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Soldiers with U.S. Forces Korea give a “hooah,” the Army’s traditional cheer, as they await the arrival of Defense Secretary Donald Rumsfeld. The soldiers had to wait about two hours for the secretary to arrive, and they sang songs, gave cheers and even did the wave during their wait.
Soldiers with U.S. Forces Korea give a “hooah,” the Army’s traditional cheer, as they await the arrival of Defense Secretary Donald Rumsfeld. The soldiers had to wait about two hours for the secretary to arrive, and they sang songs, gave cheers and even did the wave during their wait. (Teri Weaver / S&S)
Soldiers with U.S. Forces Korea give a “hooah,” the Army’s traditional cheer, as they await the arrival of Defense Secretary Donald Rumsfeld. The soldiers had to wait about two hours for the secretary to arrive, and they sang songs, gave cheers and even did the wave during their wait.
Soldiers with U.S. Forces Korea give a “hooah,” the Army’s traditional cheer, as they await the arrival of Defense Secretary Donald Rumsfeld. The soldiers had to wait about two hours for the secretary to arrive, and they sang songs, gave cheers and even did the wave during their wait. (Teri Weaver / S&S)
U.S. Secretary of Defense Donald Rumsfeld greets servicemembers at Yongsan Garrison. The secretary took 10 questions from the audience that ranged from the U.S. future in Iraq to the military’s policies involving divorces to an invitation to the local Navy ball.
U.S. Secretary of Defense Donald Rumsfeld greets servicemembers at Yongsan Garrison. The secretary took 10 questions from the audience that ranged from the U.S. future in Iraq to the military’s policies involving divorces to an invitation to the local Navy ball. (Teri Weaver / S&S)
Secretary of Defense Donald Rumsfeld speaks to about 1,400 servicemembers from all branches on Friday afternoon at a town meeting at Yongsan Garrison, South Korea.
Secretary of Defense Donald Rumsfeld speaks to about 1,400 servicemembers from all branches on Friday afternoon at a town meeting at Yongsan Garrison, South Korea. (Teri Weaver / S&S)

YONGSAN GARRISON, South Korea — Secretary of Defense Donald Rumsfeld drew cheers at a town-hall meeting Friday afternoon for his praise of U.S. troops, his criticism of Iraq media coverage and his interest in an invitation to the annual Navy ball that night.

But it took a sergeant first class to bring down the house at Collier Field House. He asked the secretary why the military continues to allow servicemembers’ retirement pay to be calculated into alimony payments.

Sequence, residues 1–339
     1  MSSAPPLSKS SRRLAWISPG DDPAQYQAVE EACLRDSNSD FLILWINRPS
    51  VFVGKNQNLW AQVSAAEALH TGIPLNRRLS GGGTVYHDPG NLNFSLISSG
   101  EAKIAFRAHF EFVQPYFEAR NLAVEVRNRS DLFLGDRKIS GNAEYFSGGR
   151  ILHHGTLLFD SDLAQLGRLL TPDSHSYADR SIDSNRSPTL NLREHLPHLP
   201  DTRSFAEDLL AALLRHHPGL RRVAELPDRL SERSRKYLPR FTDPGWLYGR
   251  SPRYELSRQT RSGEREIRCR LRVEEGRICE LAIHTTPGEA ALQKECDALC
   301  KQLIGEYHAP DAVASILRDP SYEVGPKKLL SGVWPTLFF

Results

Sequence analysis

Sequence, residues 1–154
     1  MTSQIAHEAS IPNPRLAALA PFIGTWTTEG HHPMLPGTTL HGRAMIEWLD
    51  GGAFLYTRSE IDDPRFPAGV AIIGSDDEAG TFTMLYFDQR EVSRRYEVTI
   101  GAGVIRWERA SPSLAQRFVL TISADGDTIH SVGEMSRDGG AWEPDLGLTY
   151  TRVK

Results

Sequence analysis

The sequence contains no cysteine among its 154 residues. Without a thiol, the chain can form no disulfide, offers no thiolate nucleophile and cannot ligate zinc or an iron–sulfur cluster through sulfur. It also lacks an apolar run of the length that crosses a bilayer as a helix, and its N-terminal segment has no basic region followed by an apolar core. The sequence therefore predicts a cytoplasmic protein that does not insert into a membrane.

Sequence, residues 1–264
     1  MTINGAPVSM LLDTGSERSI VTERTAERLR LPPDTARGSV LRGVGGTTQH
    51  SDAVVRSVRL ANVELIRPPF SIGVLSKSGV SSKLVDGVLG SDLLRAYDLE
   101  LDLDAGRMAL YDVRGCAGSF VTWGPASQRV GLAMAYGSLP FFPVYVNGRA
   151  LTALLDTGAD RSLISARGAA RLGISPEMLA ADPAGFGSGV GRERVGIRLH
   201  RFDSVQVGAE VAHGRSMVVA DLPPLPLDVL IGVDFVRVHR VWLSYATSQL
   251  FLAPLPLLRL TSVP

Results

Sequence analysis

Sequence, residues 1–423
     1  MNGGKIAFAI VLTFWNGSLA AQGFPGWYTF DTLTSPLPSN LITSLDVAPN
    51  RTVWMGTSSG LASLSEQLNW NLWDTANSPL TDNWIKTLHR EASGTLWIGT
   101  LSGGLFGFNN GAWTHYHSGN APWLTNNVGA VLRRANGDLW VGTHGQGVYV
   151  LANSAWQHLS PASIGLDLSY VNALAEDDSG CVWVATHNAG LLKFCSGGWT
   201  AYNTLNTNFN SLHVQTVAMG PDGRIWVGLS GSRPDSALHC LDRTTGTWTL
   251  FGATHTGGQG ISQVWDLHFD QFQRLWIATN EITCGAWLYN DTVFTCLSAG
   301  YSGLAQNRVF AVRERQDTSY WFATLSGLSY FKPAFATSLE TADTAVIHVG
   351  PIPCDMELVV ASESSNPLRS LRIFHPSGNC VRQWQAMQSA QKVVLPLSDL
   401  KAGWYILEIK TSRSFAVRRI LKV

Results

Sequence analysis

He said his divorce would end up costing him more than $500,000 in retirement pay, or $5 an hour for his 14 years of marriage, should he live an average life span. It’s a result of the Uniformed Services Former Spouses Protection Act, a law that allows state divorce courts to define military retirement pay as commercial property that can be divided in a settlement.

Rumsfeld paused, praised the soldier for his math skills and listened while the whoops and hollers started among the 1,400 servicemembers plus family members invited to the question-and-answer period.

“I did my homework, sir,” the sergeant said.

The secretary said he had asked for a study of the issue, but he also said that Congress was uninterested in addressing it now. He said he’s trying to find a way to make some changes tenable to members of congress.

“I’ve not forgotten it,” Rumsfeld said of the issue. “I don’t have an answer, and it may take some time. But I think the transcript of this discussion we just had would be anecdotally an example that could be used, and I thank you for raising it.”

Not all the questions were zingers during the hourlong session, and Rumsfeld seemed to enjoy the give and take.

“You fire away, I can take it,” Rumsfeld said with a smile before the questions began.

He addressed the threat of losing control of Iraq to internal clashes, saying that Iraq eventually will have to use its own military and governmental leaders to quash threats.

One specialist asked why more soldiers weren’t allowed to learn Arabic, rather than Korean.

“I’m with you,” said Rumsfeld of the suggestion, and he took out a pen and made a note.

When asked how to stem misinformation from being disseminated through the media, especially in Iraq, Rumsfeld said it was a “test of wills” to see what stories would ultimately come out of that region of the world.

Some media sources, especially in Iraq, “have a lot of freedom to lie consistently,” he said. “They are good at it. They know what they’re doing.”

He mentioned one famous face has been missing from the media for a while.

“We haven’t seen Osama bin Laden on film for one whale of a long time,” the secretary said. “Apparently if he’s around, he’s very busy hiding.”

One Navy officer asked Rumsfeld if he’d consider stopping by the annual Navy ball later that night. The ball was to start at 6 p.m., and the officer posed the question a few minutes before 5 p.m. Rumsfeld joked that the man was trying to get him to give shorter answers.

“I’ll take it under advisement,” he joked.

In the end, Rumsfeld was in no hurry to leave. He walked the room afterward, shaking hands and posing for snapshots with servicemembers. The 8th U.S. Army Band had finished playing and was packing up while Rumsfeld lingered at the exit talking.

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